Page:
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Opening Hours:

Sunday to Wednesday: 09:00-17:00
Thursday: 9:00-20:00 *
Fridays and Holiday eves: 09:00-14:00.

Yad Vashem is closed on Saturdays and all Jewish Holidays.

* The Holocaust History Museum, Museum of Holocaust Art, Exhibitions Pavilion and Synagogue are open until 20:00. All other sites close at 17:00.

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Art from the Holocaust:

100 Works from the Yad Vashem Collection

14 January 2016

New Exhibition at the German Historical Museum in Berlin to open with the participation of Chancellor Angela Merkel

(Jerusalem, January 14, 2016) On January 25, 2016, Yad Vashem will be opening a new exhibition at the German Historical Museum in Berlin. The exhibition, "Art from the Holocaust: 100 Works from the Yad Vashem Collection," is its largest-ever presentation of artwork from the Yad Vashem Art Collection outside of Israel and will be featured in three languages: German, English and Hebrew.

The exhibition is a collaborative effort between the Bonn-based Foundation for Art and Culture, the German Historical Museum and Yad Vashem – the World Center for Holocaust Remembrance in Jerusalem. The project was initiated by the German national daily BILD media partner and the Foundation for Art and Culture.

The exhibition, which has been jointly curated by Eliad Moreh-Rosenberg from Yad Vashem and Prof. Dr. Walter Smerling on behalf of the Foundation for Art and Culture, is part of the official events surrounding International Holocaust Remembrance Day and also represents the culmination of events marking 50 years since the establishment of German-Israeli diplomatic relations. The exhibition will be on display from January 26- April 3, 2016.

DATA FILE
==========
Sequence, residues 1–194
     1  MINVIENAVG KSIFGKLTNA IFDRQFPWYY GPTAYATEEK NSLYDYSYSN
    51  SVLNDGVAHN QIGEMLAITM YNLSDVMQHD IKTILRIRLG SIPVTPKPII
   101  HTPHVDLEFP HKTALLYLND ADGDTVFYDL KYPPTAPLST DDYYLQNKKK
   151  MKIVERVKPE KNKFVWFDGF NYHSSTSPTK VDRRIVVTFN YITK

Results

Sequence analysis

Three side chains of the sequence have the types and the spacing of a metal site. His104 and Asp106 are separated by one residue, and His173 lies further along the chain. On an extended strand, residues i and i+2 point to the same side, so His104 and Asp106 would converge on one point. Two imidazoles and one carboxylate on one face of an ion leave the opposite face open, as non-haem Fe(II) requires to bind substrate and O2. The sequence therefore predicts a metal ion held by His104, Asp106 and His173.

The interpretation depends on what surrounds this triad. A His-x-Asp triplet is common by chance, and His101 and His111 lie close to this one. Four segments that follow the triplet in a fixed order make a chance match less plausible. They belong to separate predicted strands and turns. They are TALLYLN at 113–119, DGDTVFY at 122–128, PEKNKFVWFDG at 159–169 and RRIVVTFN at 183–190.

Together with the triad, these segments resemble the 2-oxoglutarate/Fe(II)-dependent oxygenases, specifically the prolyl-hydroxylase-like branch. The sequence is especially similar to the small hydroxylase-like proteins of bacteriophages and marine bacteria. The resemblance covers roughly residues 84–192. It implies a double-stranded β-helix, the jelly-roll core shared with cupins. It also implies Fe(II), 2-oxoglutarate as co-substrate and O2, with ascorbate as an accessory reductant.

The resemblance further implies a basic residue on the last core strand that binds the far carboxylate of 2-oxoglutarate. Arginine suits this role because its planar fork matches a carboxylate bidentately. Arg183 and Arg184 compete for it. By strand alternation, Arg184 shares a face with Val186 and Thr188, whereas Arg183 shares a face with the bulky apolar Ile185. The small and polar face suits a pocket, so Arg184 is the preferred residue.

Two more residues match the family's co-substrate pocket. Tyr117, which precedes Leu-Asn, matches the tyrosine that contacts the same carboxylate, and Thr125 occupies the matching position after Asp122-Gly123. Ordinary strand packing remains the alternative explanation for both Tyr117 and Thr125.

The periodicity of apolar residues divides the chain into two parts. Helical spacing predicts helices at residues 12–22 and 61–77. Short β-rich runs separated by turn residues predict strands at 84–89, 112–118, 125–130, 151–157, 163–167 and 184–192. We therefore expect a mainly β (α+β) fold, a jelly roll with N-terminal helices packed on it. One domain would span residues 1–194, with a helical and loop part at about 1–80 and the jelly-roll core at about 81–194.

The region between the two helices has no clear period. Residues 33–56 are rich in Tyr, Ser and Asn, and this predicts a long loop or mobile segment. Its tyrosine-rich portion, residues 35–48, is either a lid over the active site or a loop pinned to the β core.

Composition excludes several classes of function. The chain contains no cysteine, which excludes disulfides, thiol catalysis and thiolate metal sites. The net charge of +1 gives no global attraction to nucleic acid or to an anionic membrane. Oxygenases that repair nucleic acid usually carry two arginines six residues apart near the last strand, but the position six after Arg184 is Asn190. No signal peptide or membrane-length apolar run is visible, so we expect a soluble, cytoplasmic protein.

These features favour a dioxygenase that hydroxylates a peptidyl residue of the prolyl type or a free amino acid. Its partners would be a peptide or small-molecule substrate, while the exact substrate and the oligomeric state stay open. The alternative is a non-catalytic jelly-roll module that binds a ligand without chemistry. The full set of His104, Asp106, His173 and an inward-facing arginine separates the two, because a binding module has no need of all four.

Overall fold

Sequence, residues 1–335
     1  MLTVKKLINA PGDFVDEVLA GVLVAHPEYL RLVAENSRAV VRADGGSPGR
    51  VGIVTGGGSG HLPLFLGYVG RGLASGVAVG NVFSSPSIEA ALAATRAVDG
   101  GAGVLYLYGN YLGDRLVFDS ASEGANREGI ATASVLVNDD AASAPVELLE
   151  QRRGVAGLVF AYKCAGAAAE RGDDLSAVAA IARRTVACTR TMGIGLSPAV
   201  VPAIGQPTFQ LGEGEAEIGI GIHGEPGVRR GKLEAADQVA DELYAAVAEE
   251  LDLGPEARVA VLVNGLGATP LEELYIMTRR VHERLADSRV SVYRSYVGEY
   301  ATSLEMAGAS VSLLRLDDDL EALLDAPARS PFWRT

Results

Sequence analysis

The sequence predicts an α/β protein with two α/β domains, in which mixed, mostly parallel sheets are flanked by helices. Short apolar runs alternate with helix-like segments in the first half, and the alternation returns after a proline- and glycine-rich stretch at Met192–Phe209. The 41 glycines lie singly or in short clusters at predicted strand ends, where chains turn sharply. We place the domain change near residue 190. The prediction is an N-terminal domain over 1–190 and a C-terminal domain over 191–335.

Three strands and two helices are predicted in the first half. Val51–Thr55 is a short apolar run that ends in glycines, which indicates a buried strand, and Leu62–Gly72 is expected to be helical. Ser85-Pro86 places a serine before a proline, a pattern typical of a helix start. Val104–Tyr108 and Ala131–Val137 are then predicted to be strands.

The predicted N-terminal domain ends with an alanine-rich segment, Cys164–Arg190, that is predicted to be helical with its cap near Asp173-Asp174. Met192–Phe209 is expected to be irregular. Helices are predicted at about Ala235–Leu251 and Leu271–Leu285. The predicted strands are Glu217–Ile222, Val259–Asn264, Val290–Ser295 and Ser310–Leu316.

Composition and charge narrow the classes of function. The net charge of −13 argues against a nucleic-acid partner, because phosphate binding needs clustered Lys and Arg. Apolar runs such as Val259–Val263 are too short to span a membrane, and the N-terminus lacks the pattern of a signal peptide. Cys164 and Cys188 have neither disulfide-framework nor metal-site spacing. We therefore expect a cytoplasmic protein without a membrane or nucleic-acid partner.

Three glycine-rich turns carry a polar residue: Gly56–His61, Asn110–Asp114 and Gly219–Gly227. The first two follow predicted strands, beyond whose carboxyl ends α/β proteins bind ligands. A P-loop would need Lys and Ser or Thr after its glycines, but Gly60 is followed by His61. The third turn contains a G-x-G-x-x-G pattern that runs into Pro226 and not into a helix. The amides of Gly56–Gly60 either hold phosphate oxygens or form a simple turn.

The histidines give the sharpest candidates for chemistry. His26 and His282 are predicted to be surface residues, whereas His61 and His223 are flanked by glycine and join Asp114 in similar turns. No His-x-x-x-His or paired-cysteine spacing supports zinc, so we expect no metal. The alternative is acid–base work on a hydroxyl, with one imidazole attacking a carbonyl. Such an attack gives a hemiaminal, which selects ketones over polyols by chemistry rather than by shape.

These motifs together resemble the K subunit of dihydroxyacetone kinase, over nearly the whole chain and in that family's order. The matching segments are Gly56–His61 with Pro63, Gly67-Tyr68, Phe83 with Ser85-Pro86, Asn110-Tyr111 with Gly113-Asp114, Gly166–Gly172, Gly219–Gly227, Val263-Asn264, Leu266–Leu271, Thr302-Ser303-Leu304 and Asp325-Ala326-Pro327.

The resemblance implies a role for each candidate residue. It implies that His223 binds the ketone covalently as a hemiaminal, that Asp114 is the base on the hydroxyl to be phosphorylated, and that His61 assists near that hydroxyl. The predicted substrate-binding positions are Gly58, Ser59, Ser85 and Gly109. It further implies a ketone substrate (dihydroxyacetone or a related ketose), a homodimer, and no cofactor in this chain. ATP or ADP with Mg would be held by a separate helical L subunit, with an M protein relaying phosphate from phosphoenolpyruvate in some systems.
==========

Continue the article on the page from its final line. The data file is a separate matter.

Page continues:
Chancellor of Germany H.E. Angela Merkel will participate at the Inauguration Ceremony at the German Historical Museum on January 25, 2016 together with Yad Vashem Chairman Avner Shalev, as well as Prof. Dr. Alexander Koch, President of the German Historical Museum and Kai Diekmann, Board Member of the Foundation for Art and Culture & Editor-in-Chief of the BILD.

The exhibition features artwork from 50 artists – all but one of whom were Jewish – 24 of whom were murdered by the Nazis and their collaborators. Despite the appalling conditions in which they found themselves and the daily struggle to survive, the artists overcame the paucity of materials with inventiveness, and through their creativity reasserted their individuality and their will to live. The artworks are classified into different themes such as portraits, transcendence and reality, and range from depictions of the daily atrocities faced in the camps to the evocation of an idyllic counter-reality. In portraying their brethren, the Jewish artists were able to commemorate them for future generations, thus defying the Nazis process of dehumanization and annihilation. Beyond the variety of approaches, the different styles and the multiplicity of themes evoked, all the artworks testify to the power of the human spirit that refused to surrender.

A selection of the artworks featured in the exhibition can be viewed online on Yad Vashem's website.

The exhibition is made possible through the sponsorship of Daimler AG and the Deutsche Bank AG. The catalogue accompanying the exhibition is published by the Wienand Verlag, Cologne.